Switch-Made’s illuminated headquarters in France.
magnetic low-voltage, electronic lowvoltage and LED light sources.” Future luminosity As lighting solutions technology continues to develop, the lighting industry clearly has a bright future, according to SwitchMade’s Burot. Burot says: “The incandescent lamp is more than 100 years old and it is still the same today. “For LED we completely changed the principles and I don’t know where it will stop in terms of performance. Two or three years
ago the lumen per watt was about 20 or 30 and now it is above 100, which is better than any conventional lighting apart from metal halide.” Aly argues that LED offers the brightest future for the lighting industry. “It is more efficient, emits virtually no heat, lasts longer and is environmentally friendly,” says Aly of LED. “The technology is still evolving, however, and its viable applications remain limited compared to the wide array of applications served by incandescent, halogen and fluorescent technologies.” RWN Trading’s Prince comments that the need to be sustainable will dictate the advancement in lighting technology. Prince notes: “There is no ignoring the fact that too much energy is being used and wasted and the lighting industry has to work together to find a solution where we can offer our clients superb quality, sustainable light bulbs at a price that suits. “It’s a tall order, but one that I am sure is achievable if you consider the advancements that have been made over the last 20 years.”
The benefits of LED streetlights From cost savings to a lower carbon footprint, Ruud Lighting chairman Alan Ruud explains why more and more cities across the globe are looking to invest in LED streetlights
ith LED streetlights lasting upwards of 15 years with near zero-maintenance, significant money can be saved over time, says Ruud Lighting chairman Alan Ruud. The savings gained from LEDway streetlights can be put to use in other areas, notes Rudd, as municipalities look for funds to pay for improving aging infrastructures and other expenses. Rudd says: “Governments, municipalities and utilities are planning energy savings and sustainability into their budgets. We’ve talked to a lot of public works people who are lining up projects that will use less energy by switching to environmentallyconscious LED street lighting. “The drive is to use the latest LED technology that emits brighter, whiter light, while reducing energy costs and carbon footprint,” he asserts. “Environmental return on investment begins immediately, while communities begin to see return on economic investments much faster than with other green technologies.”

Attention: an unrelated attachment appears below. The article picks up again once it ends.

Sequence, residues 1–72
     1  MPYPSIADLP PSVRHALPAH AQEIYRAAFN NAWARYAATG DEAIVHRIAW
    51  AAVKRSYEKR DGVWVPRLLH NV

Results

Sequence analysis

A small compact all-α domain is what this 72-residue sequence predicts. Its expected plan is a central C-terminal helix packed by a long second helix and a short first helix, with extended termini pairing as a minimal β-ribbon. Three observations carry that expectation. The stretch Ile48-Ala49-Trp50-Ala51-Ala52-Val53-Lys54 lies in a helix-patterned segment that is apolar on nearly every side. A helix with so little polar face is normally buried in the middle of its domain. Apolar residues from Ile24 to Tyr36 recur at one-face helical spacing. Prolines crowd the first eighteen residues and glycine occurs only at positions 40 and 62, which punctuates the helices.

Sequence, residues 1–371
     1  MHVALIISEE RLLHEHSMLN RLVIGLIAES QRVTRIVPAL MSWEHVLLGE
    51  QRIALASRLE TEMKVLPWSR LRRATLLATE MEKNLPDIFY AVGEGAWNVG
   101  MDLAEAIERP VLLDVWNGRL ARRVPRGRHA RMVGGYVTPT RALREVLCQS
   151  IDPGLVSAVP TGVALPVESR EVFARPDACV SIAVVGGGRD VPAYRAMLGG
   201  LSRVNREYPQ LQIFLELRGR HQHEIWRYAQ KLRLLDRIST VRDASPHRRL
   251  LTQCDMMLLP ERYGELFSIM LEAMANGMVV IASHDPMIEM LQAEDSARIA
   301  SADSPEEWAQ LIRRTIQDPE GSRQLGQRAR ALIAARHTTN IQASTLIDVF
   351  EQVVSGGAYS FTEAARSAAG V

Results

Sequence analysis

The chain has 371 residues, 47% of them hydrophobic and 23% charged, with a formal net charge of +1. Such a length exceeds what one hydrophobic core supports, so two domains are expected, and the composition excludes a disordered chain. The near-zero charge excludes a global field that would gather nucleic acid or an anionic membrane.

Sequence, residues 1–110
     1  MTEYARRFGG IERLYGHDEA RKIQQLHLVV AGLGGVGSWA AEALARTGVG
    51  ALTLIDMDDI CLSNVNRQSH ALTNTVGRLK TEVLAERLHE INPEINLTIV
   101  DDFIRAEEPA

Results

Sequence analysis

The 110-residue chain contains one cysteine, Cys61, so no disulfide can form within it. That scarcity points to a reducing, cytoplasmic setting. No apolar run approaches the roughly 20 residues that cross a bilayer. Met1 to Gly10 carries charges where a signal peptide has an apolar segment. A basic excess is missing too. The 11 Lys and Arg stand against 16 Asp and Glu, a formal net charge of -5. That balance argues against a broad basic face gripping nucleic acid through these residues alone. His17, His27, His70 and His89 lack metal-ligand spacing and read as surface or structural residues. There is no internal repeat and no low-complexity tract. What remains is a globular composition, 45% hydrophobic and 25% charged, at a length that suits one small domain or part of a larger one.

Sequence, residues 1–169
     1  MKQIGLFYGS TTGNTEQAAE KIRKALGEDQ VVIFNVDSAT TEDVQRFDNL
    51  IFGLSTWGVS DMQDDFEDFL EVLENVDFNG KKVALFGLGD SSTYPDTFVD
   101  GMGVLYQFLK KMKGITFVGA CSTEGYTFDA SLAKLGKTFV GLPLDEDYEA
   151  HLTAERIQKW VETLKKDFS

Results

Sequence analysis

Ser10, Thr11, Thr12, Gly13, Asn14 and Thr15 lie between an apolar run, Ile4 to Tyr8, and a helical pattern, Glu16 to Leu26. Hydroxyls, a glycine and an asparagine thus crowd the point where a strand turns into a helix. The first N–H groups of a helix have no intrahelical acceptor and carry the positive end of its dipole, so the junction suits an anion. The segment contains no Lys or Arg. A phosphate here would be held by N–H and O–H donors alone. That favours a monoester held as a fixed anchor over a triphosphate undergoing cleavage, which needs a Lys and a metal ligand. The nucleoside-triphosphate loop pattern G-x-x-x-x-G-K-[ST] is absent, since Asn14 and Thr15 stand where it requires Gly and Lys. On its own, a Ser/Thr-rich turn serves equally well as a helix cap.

Why convert to LED streetlights? Rudd affirms that LEDway streetlights are being installed at a growing pace and BetaLED now has thousands of successful installations globally. “With reduced energy and maintenance costs, LEDway streetlights deliver lower total cost of ownership, freeing up money for other budgetary or capital expenses,” he says. “In Raleigh, North Carolina, USA, LEDway streetlights have a life rating four times greater than the 250-watt high-pressure sodium (HPS) lamps they replaced and save up to 50% in energy costs. “Energy savings from LEDway streetlights is typically 40-60% compared to high pressure sodium (HPS) lamps. In Raleigh, energy savings are also estimated at 50%,” continues Rudd. “With their energy efficiencies and leading technologies, LED streetlights cut waste and reduce the amount of energy used extensively, thereby reducing a municipality’s carbon footprint. “People can feel better that they are only using what they need.”